“The problem is that people who filed their cases before the settlement are now going through the steps outlined in the settlement,” said Aviles. “So they had to go back and see what things were done incorrectly and change it. What they are finding is that some of these cases were settled without a settlement hearing and there are no documents.”
In the courthouse, a lack of communication between the servicers and clients — and the typical absence of bank representatives with decision-making authority — continues to hold up the process, according to Das.
“It is a lot of back and forth,” Das said. “It is not working out the way that it should, because the banks should have someone there to make a decision at the conferences.”
Das says he has not seen progress so far where it counts: in getting results for borrowers. “It has not made it better yet. I have not seen any improved results from the settlement,” Das said.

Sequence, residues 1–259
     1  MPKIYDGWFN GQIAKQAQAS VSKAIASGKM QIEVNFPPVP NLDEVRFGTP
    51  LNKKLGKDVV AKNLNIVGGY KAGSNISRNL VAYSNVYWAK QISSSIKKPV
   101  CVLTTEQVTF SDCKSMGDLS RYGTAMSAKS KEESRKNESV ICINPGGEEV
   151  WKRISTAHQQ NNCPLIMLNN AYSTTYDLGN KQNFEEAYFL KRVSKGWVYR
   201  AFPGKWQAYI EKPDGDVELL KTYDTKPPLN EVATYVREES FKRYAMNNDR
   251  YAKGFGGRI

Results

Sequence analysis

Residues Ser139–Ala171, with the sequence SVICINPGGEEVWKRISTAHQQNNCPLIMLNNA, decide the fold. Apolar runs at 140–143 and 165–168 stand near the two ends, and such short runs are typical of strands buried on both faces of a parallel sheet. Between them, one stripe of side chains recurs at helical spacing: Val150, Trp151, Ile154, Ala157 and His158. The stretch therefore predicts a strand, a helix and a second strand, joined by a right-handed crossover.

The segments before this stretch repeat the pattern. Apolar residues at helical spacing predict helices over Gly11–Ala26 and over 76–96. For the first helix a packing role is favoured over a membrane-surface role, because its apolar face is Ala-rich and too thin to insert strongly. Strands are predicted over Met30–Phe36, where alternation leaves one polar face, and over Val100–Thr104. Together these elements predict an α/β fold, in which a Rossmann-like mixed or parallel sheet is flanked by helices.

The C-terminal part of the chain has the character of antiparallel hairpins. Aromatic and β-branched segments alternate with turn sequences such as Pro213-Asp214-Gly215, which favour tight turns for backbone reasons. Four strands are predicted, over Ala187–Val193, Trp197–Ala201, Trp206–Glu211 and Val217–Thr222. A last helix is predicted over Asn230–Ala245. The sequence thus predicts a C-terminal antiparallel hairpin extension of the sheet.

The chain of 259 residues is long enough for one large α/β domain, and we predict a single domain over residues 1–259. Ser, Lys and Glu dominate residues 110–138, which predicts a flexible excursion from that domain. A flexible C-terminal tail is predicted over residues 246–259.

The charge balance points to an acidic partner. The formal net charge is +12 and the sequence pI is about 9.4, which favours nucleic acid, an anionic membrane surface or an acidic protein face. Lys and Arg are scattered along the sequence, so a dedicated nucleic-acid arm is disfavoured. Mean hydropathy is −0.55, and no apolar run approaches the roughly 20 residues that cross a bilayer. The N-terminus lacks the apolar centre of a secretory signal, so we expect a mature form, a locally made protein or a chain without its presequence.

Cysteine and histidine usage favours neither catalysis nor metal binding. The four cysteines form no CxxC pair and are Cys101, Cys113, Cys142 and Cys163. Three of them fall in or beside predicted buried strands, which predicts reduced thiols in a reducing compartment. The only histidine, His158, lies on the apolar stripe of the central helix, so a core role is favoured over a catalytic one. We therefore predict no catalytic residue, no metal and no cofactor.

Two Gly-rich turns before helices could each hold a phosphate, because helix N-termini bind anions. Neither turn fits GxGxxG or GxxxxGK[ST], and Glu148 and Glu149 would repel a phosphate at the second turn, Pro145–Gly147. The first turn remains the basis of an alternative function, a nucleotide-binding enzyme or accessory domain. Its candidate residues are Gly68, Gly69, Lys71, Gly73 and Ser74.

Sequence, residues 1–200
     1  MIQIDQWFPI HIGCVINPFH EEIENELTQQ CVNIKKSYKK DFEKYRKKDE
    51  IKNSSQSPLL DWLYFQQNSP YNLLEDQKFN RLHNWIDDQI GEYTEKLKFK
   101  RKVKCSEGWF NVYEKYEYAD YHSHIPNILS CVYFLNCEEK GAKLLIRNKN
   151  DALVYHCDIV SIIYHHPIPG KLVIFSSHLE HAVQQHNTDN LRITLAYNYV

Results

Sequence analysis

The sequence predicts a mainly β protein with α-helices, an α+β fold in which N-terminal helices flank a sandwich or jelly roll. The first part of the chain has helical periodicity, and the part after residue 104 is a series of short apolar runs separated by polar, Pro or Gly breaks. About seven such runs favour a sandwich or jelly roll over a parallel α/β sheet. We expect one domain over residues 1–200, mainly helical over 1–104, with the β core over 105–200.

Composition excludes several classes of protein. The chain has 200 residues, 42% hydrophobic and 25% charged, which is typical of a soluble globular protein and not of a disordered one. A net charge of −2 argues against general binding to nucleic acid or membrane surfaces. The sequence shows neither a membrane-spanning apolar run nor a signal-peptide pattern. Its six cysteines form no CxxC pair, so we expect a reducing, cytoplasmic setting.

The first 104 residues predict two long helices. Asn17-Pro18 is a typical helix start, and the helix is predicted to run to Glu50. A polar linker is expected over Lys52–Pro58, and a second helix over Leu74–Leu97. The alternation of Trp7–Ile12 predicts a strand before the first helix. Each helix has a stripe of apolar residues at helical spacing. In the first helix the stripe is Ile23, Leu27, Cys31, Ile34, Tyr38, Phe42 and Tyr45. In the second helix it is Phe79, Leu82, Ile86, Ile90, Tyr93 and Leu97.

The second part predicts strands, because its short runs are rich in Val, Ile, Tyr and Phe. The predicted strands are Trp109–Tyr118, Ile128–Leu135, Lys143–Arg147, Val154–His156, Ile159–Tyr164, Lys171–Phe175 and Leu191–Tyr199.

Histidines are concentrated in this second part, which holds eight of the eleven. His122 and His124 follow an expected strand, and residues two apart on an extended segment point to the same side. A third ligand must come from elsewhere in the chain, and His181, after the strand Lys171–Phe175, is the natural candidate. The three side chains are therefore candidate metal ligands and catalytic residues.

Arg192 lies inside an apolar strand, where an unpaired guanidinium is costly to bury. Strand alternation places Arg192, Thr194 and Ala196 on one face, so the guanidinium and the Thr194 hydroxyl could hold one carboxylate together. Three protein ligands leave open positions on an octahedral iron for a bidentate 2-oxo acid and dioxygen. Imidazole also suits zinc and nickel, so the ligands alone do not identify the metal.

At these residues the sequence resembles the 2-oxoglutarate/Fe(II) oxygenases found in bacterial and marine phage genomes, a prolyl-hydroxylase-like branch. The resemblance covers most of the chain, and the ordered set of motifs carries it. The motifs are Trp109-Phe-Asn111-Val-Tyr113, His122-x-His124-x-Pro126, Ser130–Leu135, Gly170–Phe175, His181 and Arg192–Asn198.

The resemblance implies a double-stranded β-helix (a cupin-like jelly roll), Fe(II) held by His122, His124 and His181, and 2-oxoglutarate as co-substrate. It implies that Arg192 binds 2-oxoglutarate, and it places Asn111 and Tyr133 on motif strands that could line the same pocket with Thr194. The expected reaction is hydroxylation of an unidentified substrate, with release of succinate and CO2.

“In order for the settlement to have a big effect, what needs to be added is more penalties on the servicers if they do not meet the standards. And I don’t see that happening right now.”
Reported by Aaron Martinez, Gianna Palmer, Jie Jenny Zou & Michael Phillis. Legal analysis by Robert L. Werhman.
This article originally was published at The New York World.